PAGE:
Amgen Inc pledged on Thursday to closely monitor the long-term safety of its novel osteoporosis injection as U.S. advisers weighed the future of the company's most important experimental drug.
Denosumab is seen as a potential blockbuster and the key to growth at the world's largest biotechnology company after safety concerns hit its flagship anemia medicines.
Food and Drug Administration reviewers are asking a panel of outside experts to consider serious infections and a slight increase in some types of cancer seen in Amgen's studies of denosumab, whose proposed brand name is Prolia.
The overall safety profile compares favorably to other osteoporosis drugs, Dr. Paul Eisenberg, Amgen's senior vice president for global regulatory affairs and safety, told the panel.
It will be important that there's long-term follow-up, he said, adding that the company would monitor the health of some patients for up to 10 years.
Amgen will need to compete in an $8 billion osteoporosis market with several rival drugs, including low-cost generics, to treat and prevent the bone-thinning disease, which afflicts an estimated 10 million Americans.
Denosumab works differently from current medicines by targeting a protein that activates bone-destroying cells. It is given as a twice-a-year injection.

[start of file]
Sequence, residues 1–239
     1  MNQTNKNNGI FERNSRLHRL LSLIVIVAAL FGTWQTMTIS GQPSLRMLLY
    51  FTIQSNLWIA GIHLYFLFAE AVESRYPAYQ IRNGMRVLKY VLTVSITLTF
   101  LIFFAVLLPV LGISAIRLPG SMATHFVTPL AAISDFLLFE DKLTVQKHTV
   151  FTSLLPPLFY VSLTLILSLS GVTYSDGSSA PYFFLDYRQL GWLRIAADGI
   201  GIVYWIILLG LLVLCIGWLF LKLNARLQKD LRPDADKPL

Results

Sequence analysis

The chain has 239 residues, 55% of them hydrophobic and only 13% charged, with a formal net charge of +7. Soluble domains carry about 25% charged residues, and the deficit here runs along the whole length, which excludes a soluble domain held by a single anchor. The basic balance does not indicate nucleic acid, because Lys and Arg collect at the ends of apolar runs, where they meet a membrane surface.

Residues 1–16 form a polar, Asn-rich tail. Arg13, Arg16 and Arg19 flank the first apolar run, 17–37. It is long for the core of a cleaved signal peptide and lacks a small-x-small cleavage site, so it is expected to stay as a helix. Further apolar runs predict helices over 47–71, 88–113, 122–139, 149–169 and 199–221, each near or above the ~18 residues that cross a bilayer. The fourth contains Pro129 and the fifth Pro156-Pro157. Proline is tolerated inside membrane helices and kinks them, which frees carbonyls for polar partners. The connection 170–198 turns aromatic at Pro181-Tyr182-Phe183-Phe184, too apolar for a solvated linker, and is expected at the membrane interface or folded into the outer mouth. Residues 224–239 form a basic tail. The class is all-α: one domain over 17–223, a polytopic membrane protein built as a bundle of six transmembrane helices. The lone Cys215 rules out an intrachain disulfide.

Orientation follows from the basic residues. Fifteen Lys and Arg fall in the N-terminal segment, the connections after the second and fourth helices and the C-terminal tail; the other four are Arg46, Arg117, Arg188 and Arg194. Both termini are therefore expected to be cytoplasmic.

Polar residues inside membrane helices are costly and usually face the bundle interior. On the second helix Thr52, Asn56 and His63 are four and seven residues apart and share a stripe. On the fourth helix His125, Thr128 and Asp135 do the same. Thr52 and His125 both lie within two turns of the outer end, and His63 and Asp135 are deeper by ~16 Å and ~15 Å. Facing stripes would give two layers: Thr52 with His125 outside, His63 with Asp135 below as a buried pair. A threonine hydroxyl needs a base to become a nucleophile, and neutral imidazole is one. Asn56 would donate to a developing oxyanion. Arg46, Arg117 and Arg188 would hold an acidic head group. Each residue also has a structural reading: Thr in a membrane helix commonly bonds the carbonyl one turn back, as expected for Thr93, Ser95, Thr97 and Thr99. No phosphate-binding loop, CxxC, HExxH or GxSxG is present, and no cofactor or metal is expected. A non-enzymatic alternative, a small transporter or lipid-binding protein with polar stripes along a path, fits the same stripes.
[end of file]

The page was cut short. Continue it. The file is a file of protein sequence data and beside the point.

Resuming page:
The company said denosumab's benefits, including a 68 percent reduction in spine fractures in an osteoporosis study, outweighed any risks. About 7 percent of placebo patients suffered a spine fracture within three years, compared with 2 percent of denosumab patients in the study.
Our data are clear with respect to benefits, Eisenberg said.
The panel is set to vote Thursday afternoon on whether to recommend denosumab's approval for treating and preventing osteoporosis, and for use with breast and prostate cancer therapies that can cause bone loss.
The FDA also will ask the outside experts what steps Amgen should take to minimize side effects if the drug is approved.
Industry analysts predicted before the meeting that the panel would support the drug despite some safety concerns and that the FDA would approve it. Analysts see annual sales for denosumab reaching $2 billion or more.
The FDA usually approves drugs that win the backing of advisory panels. A ruling by the agency is due by October 19, but it has missed several drug deadlines in the past year, leading some analysts to anticipate a delay.
Denosumab would compete with osteoporosis medicines such as Novartis AG's (NOVN.VX) Reclast, Actonel from Sanofi-Aventis (SASY.PA) and Procter & Gamble Co (PG.N), and Boniva from Roche Holding AG (ROG.VX) and GlaxoSmithKline PLC (GSK.L).
Global sales of osteoporosis drugs hit about $8.4 billion in 2008, according to data from IMS Health.
Glaxo made a deal with Amgen in July to sell denosumab in Europe and emerging markets for osteoporosis.